This is a product of the Civic Engagement Committee of the National Agenda
This is the gist of the redistricting process: if you are absent from the table, you lose. The most evident outcomes of this process is how much (or how little) money is funneled to your community whether it be a neighborhood or a city. Decisions made are directly calculated or heavily dependent on population numbers and where a person or property ends up. It is common redistricting conversations to take place behind closed doors. Fortunately, through organizing, citizens can weigh in and ensure that their communities are not being marginalized by the process.
What is redistricting (redistribution in Canada) and how does it affect you?
Redistricting is the process of re-drawing electoral districts. This process occurs once every 10 years, following the US Census count, and the primary purpose is to ensure there are roughly the same number of people in each district. It is how we attempt to achieve “one person, one vote” representation throughout our nation. Redistricting occurs at all levels of government (from congressional districts to school board, water districts, city council, and more). Redistricting will determine how well we are able to leverage our collective votes to elect candidates of our choosing to represent us on the issues that matter most.*
In the U.S., each state is responsible for drawing their own districts and determining boundaries. While there are federal statutes and constitutional protections, gerrymandering to marginalize or dilute minority voters is still common. While historically this has applied to black and Latino populations, Asian Pacific Islanders (APIs) have more recently come to realize the high stakes in this process. While not every complaint is won, it is imperative that we are proactive in the decision making process.
Loyola Law School provides an apt example of what occurs when when districts do not rightfully represent communities of interest.
In 1992, race riots in Los Angeles took a heavy financial toll on businesses in many neighborhoods, including the area known as Koreatown. When residents of Koreatown appealed to their elected representatives for assistance with the cleanup and recovery effort, however, each of their purported representatives claimed that the area was really a part of some other official’s district. The redistricting map, it appeared, had fractured Koreatown — an area barely over one square mile — into four City Council districts and five state Assembly districts. As a result, no legislator felt responsible to the Asian-American community.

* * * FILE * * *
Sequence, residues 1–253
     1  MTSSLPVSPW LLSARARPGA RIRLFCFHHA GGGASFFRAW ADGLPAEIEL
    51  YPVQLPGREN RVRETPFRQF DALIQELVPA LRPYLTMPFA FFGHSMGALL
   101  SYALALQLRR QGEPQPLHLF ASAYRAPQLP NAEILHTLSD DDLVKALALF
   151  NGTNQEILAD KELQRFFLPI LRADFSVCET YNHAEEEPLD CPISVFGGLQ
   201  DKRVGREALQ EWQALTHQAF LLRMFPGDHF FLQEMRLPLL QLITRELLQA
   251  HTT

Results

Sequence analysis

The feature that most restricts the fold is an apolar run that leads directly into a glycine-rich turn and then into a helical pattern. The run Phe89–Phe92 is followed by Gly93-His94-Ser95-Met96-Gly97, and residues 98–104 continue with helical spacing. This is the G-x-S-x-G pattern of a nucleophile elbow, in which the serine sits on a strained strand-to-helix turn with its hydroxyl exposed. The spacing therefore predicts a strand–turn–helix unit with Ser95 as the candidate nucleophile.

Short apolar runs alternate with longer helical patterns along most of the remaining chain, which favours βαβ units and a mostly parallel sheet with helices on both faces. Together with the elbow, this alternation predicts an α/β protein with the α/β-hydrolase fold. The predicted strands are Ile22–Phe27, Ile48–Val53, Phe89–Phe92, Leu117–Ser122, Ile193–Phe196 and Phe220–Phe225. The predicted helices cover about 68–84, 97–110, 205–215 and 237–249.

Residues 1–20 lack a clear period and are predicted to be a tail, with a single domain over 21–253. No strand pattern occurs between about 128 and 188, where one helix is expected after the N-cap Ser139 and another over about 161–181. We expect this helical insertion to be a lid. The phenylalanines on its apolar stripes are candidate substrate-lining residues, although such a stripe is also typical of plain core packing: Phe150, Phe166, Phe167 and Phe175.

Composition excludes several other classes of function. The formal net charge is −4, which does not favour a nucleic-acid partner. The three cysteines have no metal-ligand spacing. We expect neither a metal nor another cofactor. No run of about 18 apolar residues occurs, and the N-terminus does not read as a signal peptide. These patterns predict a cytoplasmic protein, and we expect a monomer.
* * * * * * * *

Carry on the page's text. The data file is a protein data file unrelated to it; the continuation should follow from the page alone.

Here we provide a couple successful examples of how API and Vietnamese community advocates ensured their communities were not marginalized.
Orange County Supervisorial District 1
Orange County, California is home to the largest Vietnamese population overseas and home to County Supervisor Janet Nguyen, who is the incumbent in the heavily Vietnamese populated District 1. County staff drafted the original proposal for the new districts, which kept the city of Fountain Valley in District 2. That map would have divided a significant portion of the Vietnamese vote in the County. Vietnamese Americans make up 20.7% of the population in Fountain Valley (2010 Census) with many residing in the northern portion. Recognizing the potential impacts in the next decade of County representation, advocates for the Vietnamese community in the area along with Supervisor Nguyen called for a change in the maps to include the northern portion of that city in District 1. The loud reaction pushed this proposal forward and led to the splitting of Fountain Valley between two districts and the new map was approved on a 4-1 vote. While most cities in the County were kept whole in the new maps, advocacy was required to ensure the votes of this community were consolidated. In this particular case, keeping communities of interests in tact meant favoring an ethnic community over the City of Fountain Valley.